Rugged Tablet and iPad Buying Guide

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The rugged tablets and cases we’ve reviewed can stand up to water, heat, vibration, impacts and dust.

Rugged tablets can help you analyze data, ensure profitability, give customers and prospects what they need. Plus, they can stand up to the rigors of the field, while still helping you manage time spent on rough jobs. But how do you pick the right one for your next job site? There are a few things to keep in mind. 

Should you buy a basic tablet or iPad?  

Before choosing a ruggedized tablet, you may be wondering why a regular tablet with a rugged case is not efficient enough. There are plenty of rugged cases that can work to protect an iPad, for example. They may even be good enough to survive on a construction site, or in other rugged work environments.  

However, these devices, even with rugged cases, still do not perform like a rugged tablet can. For instance, to make an iPad, or other basic tablet, into a usable job site workhorse you’d need more than a case. First of all, cases (and people who put them on) aren’t infallible. An open port hole can lead to dust or water damage. 

You’d need a screen filter to make it more readable in direct sunlight. Even then you’d need to turn the brightness all the way up as well, which will drain your battery in a hurry.  

Rugged Windows tablets often come with GPS and cellular service built in. That means not only do you have the standard operating system used by the rest of the company, but you can stay in touch and track your employees on the site easily. Plus, rugged tablets often offer a stricter level of security, better protecting you and your company’s data.  

Lastly, rugged tablets often come with an optional barcode scanner, which can make data entry and tracking records seamless. No need to purchase a separate device.  

Three rugged tablets to consider

Getac F110 

The fully rugged Getac F110 sports an 11.6-inch display with a LumiBond 2.0 touchscreen that can handle rain, glove or pen modes. It comes with its own hard-tip stylus for capturing signatures or drawings. The Windows tablet is powered by a 6th generation Intel Core i7 processor, which is all the power you could want in a desktop but in a much more compact and touchscreen friendly design. Perhaps best of all is the two hot-swappable batteries, which means it could offer nearly limitless endurance. It comes with TPM, Absolute DDS to block unauthorized access, and NFC/RFID reader, Fingerprint Scanner and a smart card reader. The F110 can be configured with LTE, GPS, WWAN and WLAN for on-the-go connectivity.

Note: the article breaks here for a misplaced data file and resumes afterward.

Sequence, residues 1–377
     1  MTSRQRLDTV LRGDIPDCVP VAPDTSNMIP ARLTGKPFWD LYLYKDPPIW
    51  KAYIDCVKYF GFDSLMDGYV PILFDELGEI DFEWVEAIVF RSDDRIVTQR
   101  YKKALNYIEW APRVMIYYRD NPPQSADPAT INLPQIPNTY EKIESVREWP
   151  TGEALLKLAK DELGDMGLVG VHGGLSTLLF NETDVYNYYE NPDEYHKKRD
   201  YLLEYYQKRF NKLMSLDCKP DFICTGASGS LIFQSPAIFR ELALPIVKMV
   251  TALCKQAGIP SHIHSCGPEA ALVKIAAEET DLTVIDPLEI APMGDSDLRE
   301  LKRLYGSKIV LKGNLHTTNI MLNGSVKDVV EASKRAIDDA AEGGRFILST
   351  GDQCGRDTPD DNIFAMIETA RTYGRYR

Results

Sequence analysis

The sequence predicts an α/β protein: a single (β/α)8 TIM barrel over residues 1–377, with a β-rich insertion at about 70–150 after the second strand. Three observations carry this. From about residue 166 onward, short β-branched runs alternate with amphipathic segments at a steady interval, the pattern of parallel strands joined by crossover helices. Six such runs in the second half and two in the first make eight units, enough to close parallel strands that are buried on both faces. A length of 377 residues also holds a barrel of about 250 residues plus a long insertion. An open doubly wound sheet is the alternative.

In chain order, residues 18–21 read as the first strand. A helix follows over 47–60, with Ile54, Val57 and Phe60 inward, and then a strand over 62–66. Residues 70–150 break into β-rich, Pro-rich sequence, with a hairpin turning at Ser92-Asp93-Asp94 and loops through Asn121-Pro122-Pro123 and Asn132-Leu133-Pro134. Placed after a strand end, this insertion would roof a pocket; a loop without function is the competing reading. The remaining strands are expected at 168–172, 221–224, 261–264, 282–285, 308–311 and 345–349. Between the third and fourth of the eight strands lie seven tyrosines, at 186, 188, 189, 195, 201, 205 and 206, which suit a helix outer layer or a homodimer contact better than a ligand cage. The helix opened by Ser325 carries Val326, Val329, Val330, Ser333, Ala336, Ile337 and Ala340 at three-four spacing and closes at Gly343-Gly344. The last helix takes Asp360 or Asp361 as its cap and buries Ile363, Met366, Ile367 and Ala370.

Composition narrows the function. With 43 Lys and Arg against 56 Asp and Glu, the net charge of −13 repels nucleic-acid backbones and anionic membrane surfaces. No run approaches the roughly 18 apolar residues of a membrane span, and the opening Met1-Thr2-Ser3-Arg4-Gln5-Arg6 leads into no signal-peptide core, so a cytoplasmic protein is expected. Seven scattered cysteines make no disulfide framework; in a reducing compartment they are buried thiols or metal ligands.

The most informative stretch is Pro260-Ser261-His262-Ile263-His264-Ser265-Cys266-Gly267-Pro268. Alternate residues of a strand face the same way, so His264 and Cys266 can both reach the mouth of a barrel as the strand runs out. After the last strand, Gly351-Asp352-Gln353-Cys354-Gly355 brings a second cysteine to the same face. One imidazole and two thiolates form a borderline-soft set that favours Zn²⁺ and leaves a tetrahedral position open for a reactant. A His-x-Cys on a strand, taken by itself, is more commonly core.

Price: $2,099 
 
Panasonic Toughpad FZ-Q2  
The 12.5-inch display on this semi-rugged 2-in-1 combines the best of a rugged tablet with that of a rugged laptop. This Windows 10 Pro device features an anti-reflective touchscreen with 1920 x 1090-pixel resolution. It’s powered by an Intel Core M5 CPU and comes with 8GB of RAM. The multi-touch capacitive waterproof pen is tethered to the screen so it won’t get lost. The spill-resistant keyboard can keep up with your construction zone messes. You can access and swap out the 128GB or 256GB SSD and battery. It offers a SmartCard reader or a contactless SmartCard reader.  
Price: $2,221 
 
Samsung Galaxy Tab Active 8.0  
If Android fits into your business, the Samsung Galaxy Tab Active 8.0, with its 1280 x 800-pixel display, may be for you. It’s drop and water resistant. It shrugs off dirt, and it comes with a stylus that docks into the tablet’s protective case. You can remove the back cover to swap out a new battery, which should last up to 12 hours on a charge by itself. The insides are powered by a 1.2-GHz Quad-Core Qualcomm APQ8026 processor, which should offer plenty of oomph for most tasks. It can hold 16GB of data onboard, or you can add up to 64GB more via microSD, but there’s no cellular option on the Galaxy Tab Active 8.0. And you get all this for more than half what a Windows rugged tablet would cost you.  
Price: $523 

Photo credit: Shutterstock/Chayantorn
 

Samantha Donaldson

A web developer and freelance journalist, Samantha Donaldson specializes in cyber security and business, as well as being a Most Valuable Contributor for Red Hat.

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